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Pond Renovation During Drought

By Russell Stevens
Strategic Consultation Manager and Wildlife and Range Consultant

Posted Aug. 1, 2011

Last update: February 2018

Landowners are often tempted to take advantage of droughts by deepening or enlarging existing ponds when water levels drop low enough or when ponds dry up completely.

Drought can be an opportunity to increase water supply for fisheries and livestock, but certain factors should be considered before spending money and time deepening or enlarging a pond. This is especially important when considering changes to a relatively new pond that was properly designed.

A watershed is the land area that drains into a pond, lake or river, and is one of the most important factors to consider when increasing the size of an impoundment. Within a 100-mile radius of Ardmore, Oklahoma, the "rule-of-thumb" for pond watershed size under normal runoff conditions is 3 to 20 or more acres for each acre-foot of storage from east to west, respectively.

Soil infiltration, vegetation and slope are some of several factors that influence normal runoff conditions; therefore, watershed size may need to be increased or decreased accordingly. For instance, a pond constructed on a well vegetated watershed with sandy topsoil near Lawton, Okla., will probably require much more than a 20-acre watershed to be sustainable.

The point is to make sure watershed size is adequate to fill the void created by deepening or enlarging a pond to avoid wasting money and time.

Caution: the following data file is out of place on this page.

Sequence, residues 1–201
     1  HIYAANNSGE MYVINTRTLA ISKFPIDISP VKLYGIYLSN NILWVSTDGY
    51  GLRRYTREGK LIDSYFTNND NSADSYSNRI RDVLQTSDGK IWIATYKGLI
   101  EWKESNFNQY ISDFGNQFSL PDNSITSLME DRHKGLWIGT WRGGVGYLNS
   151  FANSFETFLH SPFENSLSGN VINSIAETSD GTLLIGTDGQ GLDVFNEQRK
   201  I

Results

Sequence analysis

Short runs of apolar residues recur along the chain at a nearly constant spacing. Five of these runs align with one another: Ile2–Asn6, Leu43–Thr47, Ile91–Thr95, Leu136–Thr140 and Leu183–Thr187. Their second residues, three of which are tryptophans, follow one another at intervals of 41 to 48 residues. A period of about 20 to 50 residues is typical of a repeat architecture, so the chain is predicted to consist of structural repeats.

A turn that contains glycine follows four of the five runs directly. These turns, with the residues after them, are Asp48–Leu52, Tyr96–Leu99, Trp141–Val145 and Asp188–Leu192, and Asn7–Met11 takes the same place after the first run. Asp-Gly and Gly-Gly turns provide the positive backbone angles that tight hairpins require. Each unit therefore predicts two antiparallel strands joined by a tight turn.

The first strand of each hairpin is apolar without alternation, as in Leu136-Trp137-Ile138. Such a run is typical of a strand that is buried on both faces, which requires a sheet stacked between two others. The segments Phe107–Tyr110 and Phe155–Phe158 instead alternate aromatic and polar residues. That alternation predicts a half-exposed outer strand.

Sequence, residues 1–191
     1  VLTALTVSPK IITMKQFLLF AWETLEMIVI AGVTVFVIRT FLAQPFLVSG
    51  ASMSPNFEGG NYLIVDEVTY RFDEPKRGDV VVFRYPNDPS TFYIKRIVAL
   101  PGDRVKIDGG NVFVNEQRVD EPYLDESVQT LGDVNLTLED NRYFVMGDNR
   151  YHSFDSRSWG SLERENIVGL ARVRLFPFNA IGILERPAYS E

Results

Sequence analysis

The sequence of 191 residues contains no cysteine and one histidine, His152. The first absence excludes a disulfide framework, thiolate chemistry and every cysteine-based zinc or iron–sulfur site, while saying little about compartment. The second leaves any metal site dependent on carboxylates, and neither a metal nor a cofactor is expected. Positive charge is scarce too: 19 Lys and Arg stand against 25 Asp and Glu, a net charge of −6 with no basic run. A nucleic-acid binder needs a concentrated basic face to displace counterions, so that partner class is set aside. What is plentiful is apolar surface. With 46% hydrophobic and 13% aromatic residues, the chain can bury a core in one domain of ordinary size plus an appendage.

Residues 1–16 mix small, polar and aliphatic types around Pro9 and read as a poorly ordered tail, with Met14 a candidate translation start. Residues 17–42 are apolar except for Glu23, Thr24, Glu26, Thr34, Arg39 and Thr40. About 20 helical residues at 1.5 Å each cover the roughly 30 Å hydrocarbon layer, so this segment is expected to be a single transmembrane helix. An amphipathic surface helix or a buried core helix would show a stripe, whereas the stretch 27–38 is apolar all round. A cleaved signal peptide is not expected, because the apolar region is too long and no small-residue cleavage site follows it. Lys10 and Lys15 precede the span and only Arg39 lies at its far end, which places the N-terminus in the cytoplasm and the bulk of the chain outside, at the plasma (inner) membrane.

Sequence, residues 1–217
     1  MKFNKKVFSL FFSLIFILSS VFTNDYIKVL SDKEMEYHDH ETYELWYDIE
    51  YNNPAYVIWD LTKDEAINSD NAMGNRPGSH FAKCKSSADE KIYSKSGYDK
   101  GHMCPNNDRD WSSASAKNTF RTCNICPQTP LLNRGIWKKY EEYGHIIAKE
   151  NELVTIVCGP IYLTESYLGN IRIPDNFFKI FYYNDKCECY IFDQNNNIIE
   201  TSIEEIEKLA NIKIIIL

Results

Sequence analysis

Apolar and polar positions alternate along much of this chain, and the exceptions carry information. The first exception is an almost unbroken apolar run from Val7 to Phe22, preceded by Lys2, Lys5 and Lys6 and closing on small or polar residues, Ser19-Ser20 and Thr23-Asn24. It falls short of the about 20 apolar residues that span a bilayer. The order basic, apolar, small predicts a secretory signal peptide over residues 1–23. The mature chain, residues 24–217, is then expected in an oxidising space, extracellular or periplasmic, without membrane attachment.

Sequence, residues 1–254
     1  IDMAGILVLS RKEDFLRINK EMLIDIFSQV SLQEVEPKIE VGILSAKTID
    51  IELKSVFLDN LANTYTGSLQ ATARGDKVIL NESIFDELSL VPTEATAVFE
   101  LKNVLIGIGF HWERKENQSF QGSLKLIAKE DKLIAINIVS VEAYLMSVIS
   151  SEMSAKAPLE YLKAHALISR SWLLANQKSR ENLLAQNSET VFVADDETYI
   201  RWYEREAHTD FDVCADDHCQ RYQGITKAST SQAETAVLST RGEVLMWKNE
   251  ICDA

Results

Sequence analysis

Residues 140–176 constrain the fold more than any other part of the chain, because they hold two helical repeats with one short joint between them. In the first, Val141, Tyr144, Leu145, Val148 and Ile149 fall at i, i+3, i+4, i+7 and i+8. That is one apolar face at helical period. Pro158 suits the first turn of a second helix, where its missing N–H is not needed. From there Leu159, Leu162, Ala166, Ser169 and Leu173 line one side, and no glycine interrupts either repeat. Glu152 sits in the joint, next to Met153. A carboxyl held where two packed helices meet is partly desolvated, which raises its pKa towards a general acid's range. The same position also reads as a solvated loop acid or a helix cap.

Pond depth in our consultation area should be a minimum of 6 to 10 feet from east to west, respectively. To mitigate normal siltation, a pond should be constructed deeper when soils are suitable and the watershed is of sufficient size. When deepening an existing pond, be aware of the risk of digging into a layer of sand or gravel, jeopardizing the pond's ability to hold water. Deeper is always better when water for livestock is important. However, deeper may not always be better for fisheries due to temperature stratification that often develops in deep ponds during the summer which could lead to dissolved oxygen problems. Pond depths of 12 to 15 feet are adequate for pond life, fisheries and livestock water.

Like deepening a pond, enlarging or increasing its surface area should only be done if the watershed is of suitable size to keep the pond full; digging into a layer of sand or gravel is also a risk. Enlarging a pond increases water volume, which is important for livestock needs, but may be of even greater benefit to fisheries. Increased surface area allows more water to be exposed to sunlight. Sunlight drives the photosynthetic process for aquatic plants, the most important of which for fisheries production is phytoplankton. Phytoplankton is comprised of microscopic plants that form the basis of production in a pond and, when abundant, impart a "greenish" tint to the water. Ponds with more surface area have a greater potential for fisheries production because of the increased potential for phytoplankton growth.

If your pond is properly constructed and the watershed is well vegetated, it should last many years without the need for deepening or enlargement. If you are considering deepening or enlarging an existing pond, contact a Noble Research Institute consultant or your local Natural Resources Conservation Service office for assistance with addressing watershed size. 

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